Daily digest

Utilities respond to ‘existential threat’ from solar

SOLAR: Seeing an “existential threat” to their bottom line, utilities organize to roll back incentives for distributed solar power. (New York Times)

POLLUTION: A shift from coal to natural gas is reducing smog in central Ohio; and a new study finds increased cancer risk from benzene, a chemical found in crude oil and gasoline. (Columbus Dispatch)

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TRANSMISSION: An interstate transmission compact being considered by Kansas legislators could help bring more wind and solar power to market. (Stateline)

EFFICIENCY: While fighting Ohio efficiency rules, FirstEnergy continues to distribute CFL bulbs to customers, in what advocates call “an antique approach” to conserving energy. (Cleveland Plain Dealer)

OIL: The Obama administration delays new safety regulations for trains carrying crude oil, Exxon reverses a decision to end temporary housing payments for residents affected by an Arkansas oil spill, and Enbridge will pay $425,000 to settle charges it made illegal discharges while testing a Minnesota pipeline. (Associated Press, InsideClimate News, Minneapolis Star Tribune)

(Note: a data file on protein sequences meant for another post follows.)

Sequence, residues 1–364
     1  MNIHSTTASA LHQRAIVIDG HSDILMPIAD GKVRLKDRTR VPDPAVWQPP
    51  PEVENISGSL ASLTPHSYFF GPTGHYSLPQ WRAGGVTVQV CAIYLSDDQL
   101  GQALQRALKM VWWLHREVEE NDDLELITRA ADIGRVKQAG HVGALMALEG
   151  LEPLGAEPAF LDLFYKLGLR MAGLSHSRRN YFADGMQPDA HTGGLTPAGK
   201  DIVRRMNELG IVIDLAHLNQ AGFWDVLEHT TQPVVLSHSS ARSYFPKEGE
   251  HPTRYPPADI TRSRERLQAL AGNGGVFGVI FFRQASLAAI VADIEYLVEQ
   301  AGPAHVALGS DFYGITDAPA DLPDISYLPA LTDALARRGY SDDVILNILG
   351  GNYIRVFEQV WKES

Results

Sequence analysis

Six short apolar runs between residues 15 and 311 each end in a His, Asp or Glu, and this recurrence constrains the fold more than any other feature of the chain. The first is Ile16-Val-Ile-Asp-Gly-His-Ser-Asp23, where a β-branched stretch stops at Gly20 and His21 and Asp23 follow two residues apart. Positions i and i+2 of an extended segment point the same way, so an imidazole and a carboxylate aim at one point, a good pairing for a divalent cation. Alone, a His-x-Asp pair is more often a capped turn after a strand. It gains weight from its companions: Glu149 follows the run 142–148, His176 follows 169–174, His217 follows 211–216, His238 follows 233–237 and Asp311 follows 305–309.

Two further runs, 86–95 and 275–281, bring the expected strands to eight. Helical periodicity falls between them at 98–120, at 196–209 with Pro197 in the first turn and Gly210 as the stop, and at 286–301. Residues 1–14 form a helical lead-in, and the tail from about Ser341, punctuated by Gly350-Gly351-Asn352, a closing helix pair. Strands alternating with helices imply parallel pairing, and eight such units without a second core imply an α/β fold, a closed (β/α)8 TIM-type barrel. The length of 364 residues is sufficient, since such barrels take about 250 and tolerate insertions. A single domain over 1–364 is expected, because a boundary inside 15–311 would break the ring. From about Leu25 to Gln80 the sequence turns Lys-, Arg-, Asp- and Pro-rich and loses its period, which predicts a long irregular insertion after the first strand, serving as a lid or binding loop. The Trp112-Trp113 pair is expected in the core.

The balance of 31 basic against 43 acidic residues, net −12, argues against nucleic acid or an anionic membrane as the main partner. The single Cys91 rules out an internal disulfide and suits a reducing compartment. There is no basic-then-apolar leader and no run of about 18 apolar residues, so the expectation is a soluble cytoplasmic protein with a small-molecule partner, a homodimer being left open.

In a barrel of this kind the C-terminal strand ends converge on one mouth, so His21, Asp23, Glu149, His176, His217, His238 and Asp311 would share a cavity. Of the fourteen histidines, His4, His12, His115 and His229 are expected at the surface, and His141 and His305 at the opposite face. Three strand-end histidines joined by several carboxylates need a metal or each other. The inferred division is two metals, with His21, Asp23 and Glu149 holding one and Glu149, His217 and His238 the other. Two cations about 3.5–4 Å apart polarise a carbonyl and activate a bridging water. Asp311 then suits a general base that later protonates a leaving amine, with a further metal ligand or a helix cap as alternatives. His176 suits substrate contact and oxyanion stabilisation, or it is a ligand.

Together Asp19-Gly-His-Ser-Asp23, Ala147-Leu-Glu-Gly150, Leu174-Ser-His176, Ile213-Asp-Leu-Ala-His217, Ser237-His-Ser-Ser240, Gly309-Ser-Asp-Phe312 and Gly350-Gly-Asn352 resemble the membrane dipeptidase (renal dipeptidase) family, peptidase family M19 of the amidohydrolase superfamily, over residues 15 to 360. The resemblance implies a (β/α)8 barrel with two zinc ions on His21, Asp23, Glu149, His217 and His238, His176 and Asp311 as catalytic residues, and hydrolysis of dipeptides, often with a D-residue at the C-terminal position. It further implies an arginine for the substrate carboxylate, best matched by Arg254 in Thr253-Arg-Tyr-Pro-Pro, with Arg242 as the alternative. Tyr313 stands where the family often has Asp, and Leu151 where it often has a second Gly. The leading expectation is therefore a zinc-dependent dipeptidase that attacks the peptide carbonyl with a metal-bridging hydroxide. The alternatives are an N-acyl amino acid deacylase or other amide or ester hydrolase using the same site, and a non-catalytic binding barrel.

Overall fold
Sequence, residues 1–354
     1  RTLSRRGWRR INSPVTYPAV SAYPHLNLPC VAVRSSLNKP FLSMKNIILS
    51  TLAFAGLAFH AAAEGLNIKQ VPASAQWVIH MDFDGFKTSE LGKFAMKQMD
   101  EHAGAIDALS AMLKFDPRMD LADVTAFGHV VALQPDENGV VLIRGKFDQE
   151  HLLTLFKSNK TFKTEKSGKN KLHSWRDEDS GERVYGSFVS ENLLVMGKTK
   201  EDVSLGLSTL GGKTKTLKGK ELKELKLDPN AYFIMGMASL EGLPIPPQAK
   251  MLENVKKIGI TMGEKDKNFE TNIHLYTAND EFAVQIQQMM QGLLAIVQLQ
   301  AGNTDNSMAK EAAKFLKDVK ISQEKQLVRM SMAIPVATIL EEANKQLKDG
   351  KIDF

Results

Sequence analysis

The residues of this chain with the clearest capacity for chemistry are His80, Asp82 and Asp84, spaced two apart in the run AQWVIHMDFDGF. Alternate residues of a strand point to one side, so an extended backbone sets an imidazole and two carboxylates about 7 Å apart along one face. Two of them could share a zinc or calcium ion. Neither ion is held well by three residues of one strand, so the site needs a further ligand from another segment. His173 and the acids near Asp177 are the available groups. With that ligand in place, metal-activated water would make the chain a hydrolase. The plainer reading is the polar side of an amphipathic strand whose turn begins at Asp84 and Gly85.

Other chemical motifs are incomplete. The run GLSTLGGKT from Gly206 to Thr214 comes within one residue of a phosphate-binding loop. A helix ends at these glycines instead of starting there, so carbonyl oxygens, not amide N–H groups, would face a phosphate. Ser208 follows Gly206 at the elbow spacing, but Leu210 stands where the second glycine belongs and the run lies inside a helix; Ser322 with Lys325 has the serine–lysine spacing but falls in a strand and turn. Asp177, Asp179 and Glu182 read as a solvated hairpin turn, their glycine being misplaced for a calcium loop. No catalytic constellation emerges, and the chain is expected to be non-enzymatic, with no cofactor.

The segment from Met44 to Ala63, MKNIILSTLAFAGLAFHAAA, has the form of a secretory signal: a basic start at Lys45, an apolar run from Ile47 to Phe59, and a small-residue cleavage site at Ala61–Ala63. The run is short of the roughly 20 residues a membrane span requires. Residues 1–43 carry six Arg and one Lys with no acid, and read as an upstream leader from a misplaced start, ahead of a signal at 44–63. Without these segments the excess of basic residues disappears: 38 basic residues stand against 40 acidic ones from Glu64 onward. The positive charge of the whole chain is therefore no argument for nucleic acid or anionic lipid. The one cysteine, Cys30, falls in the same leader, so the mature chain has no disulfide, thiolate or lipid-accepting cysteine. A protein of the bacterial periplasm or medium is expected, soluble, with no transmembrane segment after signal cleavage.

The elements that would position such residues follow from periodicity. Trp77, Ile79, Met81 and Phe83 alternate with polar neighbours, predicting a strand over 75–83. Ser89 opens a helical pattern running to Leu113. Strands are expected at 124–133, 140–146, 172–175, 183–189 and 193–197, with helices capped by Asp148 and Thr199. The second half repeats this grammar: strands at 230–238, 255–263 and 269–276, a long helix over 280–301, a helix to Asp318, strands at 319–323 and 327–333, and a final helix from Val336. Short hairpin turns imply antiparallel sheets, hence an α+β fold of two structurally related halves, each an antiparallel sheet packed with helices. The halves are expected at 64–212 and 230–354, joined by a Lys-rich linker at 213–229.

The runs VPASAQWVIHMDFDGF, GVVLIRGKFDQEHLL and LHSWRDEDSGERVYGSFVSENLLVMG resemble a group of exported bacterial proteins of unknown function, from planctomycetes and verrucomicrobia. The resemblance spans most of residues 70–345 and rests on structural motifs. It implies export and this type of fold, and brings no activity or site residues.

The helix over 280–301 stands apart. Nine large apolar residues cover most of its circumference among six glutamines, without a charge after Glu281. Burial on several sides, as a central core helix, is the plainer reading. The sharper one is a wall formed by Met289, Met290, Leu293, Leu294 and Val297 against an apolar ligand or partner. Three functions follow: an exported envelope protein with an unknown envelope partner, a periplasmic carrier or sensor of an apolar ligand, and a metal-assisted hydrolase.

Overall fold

• Hundreds are expected at an anti-fracking rally in Youngstown, Ohio today. (Youngstown Vindicator)
• Experts say the anti-fracking movement is driven in part by perceived arrogance and lack of transparency by the drilling industry. (Associated Press)
• The allure of drilling royalties creates a dilemma in Ohio’s Amish country. (Associated Press)
• Fracking in Illinois is still months away as the state slowly implements new drilling regulations. (Springfield State Journal-Register)
• A new drilling fight emerges in the northern part of Michigan’s Lower Peninsula. (Detroit News)

BAKKEN: A company in North Dakota deploys new “grid shack” technology to reduce natural gas flaring in the oil fields. (Forum News Service)

WIND: For the third time, a court rejects a challenge to an Illinois county’s wind ordinance. (Chicago Tribune)

KEYSTONE XL: President Obama wades into the Keystone XL pipeline debate, questioning industry job claims and noting the project could lead to higher gasoline prices in some areas. (The Hill)

AGRICULTURE: While Wisconsin seeks to prohibit stray voltage lawsuits against utilities, at least six such cases are currently underway in Minnesota. (Minneapolis Star Tribune)

TRANSPORTATION: UPS says it can cut fuel costs for long-haul trucks by 40 percent by switching to natural gas, and Michigan researchers work to improve electric vehicle batteries. (Bloomberg, CBS Detroit)

COMMENTARY: The five most important names in renewable energy that you’ve never heard of, and how fracking benefits Wisconsin companies other than sand miners. (Grist, Milwaukee Journal Sentinel)

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